1. Boesy

    OP Boesy GBAtemp Advanced Fan
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    USD or GBP? I'm sort of in crossroads and I'd like to know which of the three is the most balanced currency from these three?

    I'd appreciate feedback from folks who know about this.

    P.S. I know about Bitcoin, but I'd want to use a currency that would be used daily in life.

    Regards.
     
  2. FAST6191

    FAST6191 Techromancer
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    What sort of timeline are we looking at? 5,10,20 and 50 all look rather different, to say nothing of technological conditions arising during those times (CNC, robotic assembly and 3d printing will likely combine with serious medicine to change the game rather). All are world players as well which can get tricky as the world economic situation will trouble them by various amounts (Russia, China**, India, Africa and to some extents south America all being in fairly critical periods that are make or break)

    All are going to be dealing with ageing and falling populations, especially among the natives, which is going to be an interesting one both in terms of lack of manpower/skills, and also when the old people in those (which hold a lot of the money that was generated post world war 2 though the 80s) die off over the coming years it will send massive shockwaves through things (most businesses not surviving the third generation and all that).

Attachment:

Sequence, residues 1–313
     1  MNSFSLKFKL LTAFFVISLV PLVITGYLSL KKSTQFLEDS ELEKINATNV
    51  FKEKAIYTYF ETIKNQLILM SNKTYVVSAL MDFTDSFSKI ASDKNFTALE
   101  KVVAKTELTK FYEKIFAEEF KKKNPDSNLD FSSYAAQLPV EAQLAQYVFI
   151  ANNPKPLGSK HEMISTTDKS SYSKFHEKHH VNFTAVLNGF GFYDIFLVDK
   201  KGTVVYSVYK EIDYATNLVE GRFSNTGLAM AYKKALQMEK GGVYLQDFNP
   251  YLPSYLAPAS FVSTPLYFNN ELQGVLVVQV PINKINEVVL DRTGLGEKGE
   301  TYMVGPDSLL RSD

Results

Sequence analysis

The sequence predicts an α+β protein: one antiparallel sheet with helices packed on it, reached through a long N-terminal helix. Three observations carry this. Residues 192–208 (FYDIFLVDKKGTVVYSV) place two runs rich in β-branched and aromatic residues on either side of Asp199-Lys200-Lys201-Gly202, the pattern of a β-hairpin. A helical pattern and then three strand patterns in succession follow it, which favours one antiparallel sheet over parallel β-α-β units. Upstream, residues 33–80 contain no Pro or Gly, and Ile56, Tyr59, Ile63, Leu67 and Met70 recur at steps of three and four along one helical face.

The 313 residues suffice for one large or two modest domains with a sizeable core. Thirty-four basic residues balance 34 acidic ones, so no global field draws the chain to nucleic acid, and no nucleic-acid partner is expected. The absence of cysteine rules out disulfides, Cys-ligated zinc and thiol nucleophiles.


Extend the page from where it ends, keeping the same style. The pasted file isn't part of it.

US. It is the US, some may be pondering end of the empire type deals for it but still likely to last a decade or two even under the least favourable conditions. Oil is priced in it (despite what hippies think it is going to be around for a while yet, to say nothing of the US technically not being an importer these days), it is a technological and scientific research force. Or if you prefer see despite Europe and the UK being able to compete on a lot of levels there are few tech players to rival the excesses of the US and China.
    Political instability is boring, debt on the other hand (nation and state level -- see New Jersey and its impending collapse) is a more interesting one.

    UK. London at least is the money laundering capital of the world (see private banks and City of London, some might even claim London is the capital of the US financial industry) and is unlikely to change too terribly soon. Some look at Scotland and Northern Ireland and wonder what goes but frankly both of those are a net drain on the UK as a whole if money is the concern and not really a source of mineral wealth and its industry is pretty weak compared to Germany, Japan or similar size nations noted for high wages and high industry.
    Remains to be seen what will become of this leaving the EU lark (remains in the EU in all but name, cast adrift, cosies up to the former English speaking empire with the whole CANZUK thing, becomes a vassal state of the US, cosies up to Africa, cosies up to India, somehow cosies up to China or something else, most of those being somewhat mutually exclusive, will play out in rather different ways.